For the first time, we have produced a digitized and newly revised range map of longleaf and slash pine savannas and woodlands across the Southeast. This range map incorporates the latest information on the geographic variation among pine savanna and woodland communities, which will be critical for prioritizing regional conservation, restoration, and management strategies.
To make the map, my colleagues and I built on classic maps by Drs. Cecil Frost (1993, 2006) and Bill Platt (1999). Those classic maps were based on even older publications, some dating back to the late 1800s. First, we converted a range map for southern pine savannas and woodlands from Platt (1999) to a boundary shapefile in GIS. Then we modified the boundaries based on the latest information regarding the composition and abundance of canopy tree species and ground-layer grasses, with input from Cecil Frost. Major changes include: (1) adding three more vegetation types compared with the Platt (1999) map, especially in the northern and West Gulf Coastal Plain portions of the map; and (2) changing the boundaries of the range, particularly in eastern North Carolina and Virginia.
The new map will be included as a figure in the forthcoming chapter by Peet et al. (2018). The data can be viewed on the South Atlantic Conservation Planning Atlas and the range map boundary shapefile can be downloaded from figshare.
In making the map, our aim was to synthesize information on the ranges of these communities from published and unpublished sources that would be relevant at a regional level. So, we freely acknowledge that we are likely missing some local outlier occurrences. In fact, we know of two likely outliers that were not included in this map – one in Dare County, NC, and the other in Powhatan County, VA.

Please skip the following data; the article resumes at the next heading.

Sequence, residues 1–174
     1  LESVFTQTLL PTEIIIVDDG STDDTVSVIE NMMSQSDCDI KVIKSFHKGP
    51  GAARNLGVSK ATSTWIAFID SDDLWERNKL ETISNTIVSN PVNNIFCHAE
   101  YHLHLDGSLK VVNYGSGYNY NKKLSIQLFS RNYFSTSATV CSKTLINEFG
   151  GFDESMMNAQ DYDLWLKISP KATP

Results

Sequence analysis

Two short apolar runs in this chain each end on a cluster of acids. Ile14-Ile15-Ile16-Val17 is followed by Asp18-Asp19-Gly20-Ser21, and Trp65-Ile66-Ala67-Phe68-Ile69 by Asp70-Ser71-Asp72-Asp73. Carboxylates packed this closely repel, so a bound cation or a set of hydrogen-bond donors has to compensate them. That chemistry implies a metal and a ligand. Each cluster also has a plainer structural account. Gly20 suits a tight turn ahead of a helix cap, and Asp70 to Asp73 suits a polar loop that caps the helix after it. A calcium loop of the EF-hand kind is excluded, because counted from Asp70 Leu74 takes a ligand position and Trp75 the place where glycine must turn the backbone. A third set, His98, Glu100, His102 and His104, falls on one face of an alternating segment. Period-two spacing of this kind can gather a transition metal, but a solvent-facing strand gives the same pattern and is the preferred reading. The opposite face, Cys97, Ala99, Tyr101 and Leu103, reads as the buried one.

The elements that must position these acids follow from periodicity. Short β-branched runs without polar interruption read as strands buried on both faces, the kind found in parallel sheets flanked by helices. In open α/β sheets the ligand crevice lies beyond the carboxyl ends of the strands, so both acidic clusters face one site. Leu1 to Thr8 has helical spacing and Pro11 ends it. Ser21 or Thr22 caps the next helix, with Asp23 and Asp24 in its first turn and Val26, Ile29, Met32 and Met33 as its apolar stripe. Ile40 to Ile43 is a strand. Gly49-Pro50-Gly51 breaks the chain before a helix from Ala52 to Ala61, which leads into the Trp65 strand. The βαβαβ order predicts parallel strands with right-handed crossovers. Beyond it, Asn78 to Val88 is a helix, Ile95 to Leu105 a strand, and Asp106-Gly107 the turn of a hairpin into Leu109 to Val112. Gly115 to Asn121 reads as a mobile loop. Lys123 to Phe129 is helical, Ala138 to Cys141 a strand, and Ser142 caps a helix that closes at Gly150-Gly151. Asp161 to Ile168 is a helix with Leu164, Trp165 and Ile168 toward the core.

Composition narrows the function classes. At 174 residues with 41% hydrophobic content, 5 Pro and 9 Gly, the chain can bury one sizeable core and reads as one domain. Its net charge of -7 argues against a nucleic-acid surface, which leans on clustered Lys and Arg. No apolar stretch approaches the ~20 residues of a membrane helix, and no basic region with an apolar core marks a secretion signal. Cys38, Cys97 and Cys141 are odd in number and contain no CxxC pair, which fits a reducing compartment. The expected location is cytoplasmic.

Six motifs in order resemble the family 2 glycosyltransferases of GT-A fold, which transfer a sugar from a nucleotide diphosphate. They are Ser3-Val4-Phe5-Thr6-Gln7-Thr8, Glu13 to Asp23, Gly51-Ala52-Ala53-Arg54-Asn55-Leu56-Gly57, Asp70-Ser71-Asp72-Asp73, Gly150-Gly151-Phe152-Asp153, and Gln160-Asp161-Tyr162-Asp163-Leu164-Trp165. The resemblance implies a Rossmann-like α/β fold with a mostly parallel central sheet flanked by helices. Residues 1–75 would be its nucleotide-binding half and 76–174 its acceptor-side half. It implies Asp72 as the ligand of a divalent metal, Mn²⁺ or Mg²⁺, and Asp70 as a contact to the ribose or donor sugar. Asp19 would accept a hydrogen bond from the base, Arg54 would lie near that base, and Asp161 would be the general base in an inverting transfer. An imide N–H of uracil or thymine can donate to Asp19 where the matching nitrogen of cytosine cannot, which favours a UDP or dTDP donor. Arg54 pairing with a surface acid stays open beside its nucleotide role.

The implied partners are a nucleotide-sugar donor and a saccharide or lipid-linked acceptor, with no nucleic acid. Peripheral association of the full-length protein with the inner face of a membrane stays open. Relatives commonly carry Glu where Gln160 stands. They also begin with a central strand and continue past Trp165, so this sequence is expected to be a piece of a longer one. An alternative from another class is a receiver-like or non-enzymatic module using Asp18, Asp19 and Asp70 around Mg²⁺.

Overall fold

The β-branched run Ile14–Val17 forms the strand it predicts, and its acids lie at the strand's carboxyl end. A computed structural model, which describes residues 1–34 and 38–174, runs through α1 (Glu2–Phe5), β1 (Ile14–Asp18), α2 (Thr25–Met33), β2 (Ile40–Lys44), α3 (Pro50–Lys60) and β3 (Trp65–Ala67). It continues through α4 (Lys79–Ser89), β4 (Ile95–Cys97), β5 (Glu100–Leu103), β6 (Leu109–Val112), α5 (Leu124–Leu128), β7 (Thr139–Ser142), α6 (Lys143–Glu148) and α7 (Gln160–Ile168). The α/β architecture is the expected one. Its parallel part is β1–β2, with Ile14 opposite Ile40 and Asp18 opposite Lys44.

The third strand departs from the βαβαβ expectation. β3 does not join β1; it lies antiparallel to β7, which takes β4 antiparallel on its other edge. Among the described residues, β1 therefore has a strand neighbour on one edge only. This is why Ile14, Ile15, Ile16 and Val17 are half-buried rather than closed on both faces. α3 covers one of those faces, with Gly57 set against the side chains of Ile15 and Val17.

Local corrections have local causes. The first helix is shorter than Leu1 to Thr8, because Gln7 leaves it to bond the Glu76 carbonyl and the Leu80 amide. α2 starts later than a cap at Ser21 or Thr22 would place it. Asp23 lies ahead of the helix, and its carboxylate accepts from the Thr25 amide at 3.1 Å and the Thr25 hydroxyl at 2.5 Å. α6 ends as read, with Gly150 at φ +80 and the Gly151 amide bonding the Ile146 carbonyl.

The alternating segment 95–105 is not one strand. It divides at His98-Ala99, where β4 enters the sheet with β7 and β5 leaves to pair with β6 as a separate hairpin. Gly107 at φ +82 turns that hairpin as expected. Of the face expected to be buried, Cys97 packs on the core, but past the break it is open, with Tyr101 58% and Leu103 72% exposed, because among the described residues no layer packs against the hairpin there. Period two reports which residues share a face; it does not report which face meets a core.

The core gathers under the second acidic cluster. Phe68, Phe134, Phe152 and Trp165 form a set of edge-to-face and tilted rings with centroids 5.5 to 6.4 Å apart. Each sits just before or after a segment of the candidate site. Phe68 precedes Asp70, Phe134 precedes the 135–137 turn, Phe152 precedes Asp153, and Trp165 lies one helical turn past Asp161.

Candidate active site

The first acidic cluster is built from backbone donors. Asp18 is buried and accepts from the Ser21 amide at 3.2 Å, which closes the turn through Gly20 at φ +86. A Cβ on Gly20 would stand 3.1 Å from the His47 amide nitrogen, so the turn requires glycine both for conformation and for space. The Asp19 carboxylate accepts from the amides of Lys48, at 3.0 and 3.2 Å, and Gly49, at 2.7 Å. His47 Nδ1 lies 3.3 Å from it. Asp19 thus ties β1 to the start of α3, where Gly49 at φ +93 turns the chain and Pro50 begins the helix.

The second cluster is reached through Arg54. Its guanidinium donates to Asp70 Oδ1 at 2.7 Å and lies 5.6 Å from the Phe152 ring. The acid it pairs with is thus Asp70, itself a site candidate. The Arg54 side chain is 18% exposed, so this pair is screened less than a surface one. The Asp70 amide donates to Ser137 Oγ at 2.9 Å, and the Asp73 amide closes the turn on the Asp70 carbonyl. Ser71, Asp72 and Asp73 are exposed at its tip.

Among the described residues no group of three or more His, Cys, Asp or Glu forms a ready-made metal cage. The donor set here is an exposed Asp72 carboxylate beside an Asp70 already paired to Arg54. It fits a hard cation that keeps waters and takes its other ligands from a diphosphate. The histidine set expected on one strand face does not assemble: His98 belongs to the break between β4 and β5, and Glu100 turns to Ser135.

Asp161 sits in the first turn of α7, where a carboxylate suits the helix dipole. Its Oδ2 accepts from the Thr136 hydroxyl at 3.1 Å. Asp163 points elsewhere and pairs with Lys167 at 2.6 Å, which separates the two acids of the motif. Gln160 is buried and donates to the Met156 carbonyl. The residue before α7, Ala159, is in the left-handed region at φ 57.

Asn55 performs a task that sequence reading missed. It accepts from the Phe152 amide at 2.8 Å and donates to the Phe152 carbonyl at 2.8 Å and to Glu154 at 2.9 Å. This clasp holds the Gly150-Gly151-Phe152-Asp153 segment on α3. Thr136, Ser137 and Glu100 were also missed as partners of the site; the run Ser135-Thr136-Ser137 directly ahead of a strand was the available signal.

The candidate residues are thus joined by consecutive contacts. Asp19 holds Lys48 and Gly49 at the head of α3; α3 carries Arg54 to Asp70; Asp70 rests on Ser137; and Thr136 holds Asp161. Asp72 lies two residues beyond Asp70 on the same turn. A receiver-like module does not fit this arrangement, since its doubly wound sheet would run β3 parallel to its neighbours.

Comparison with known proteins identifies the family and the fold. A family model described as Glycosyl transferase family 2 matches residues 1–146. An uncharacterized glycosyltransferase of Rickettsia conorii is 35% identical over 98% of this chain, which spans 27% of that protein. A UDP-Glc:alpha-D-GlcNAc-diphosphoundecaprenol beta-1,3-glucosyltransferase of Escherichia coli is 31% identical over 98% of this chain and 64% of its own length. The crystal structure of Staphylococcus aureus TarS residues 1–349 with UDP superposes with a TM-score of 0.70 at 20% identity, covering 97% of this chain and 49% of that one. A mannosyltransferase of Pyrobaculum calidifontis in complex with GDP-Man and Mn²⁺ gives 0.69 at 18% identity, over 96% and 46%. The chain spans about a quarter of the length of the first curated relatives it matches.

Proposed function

We encourage anyone to download the data and modify or add to it based on local knowledge or to suit any purpose. Our hope is that by making the dataset available, it can help build collective knowledge about the ranges of these systems and advance conservation of the tremendous biodiversity they harbor.
Frost, C. C. 1993. Four centuries of changing landscape patterns in the longleaf pine ecosystem. In S. Hermann (Ed.), Proceedings of the Tall Timbers Fire Ecology Conference, No. 18, The Longleaf Pine Ecosystem: Ecology, Restoration and Management (pp. 17–43). Tall Timbers Research Station, Tallahassee, FL, USA.
Frost, C. C. 2006. History and future of the longleaf pine ecosystem. In S. Jose, E. Jokela, & D. Miller (Eds.), Longleaf Pine Ecosystems: Ecology, Management, and Restoration. (pp. 9–48). Springer, New York, NY, USA.
Peet, R.K., Platt, W.J., Costanza, J.K. 2018. The ecology and management of fire-maintained savanna ecosystems of the Southeastern U.S. Coastal Plain. Chapter in: Ecology and Recovery of Eastern Old-Growth Forests. Editors: Keeton, W., Barton, A., Island Press.
Platt, W. J. 1999. Southeastern pine savannas. In R. C. Anderson, J. S. Fralish, & J. M. Baskin (Eds.), The savanna, barren, and rock outcrop communities of North America (pp. 23–51). Cambridge University Press.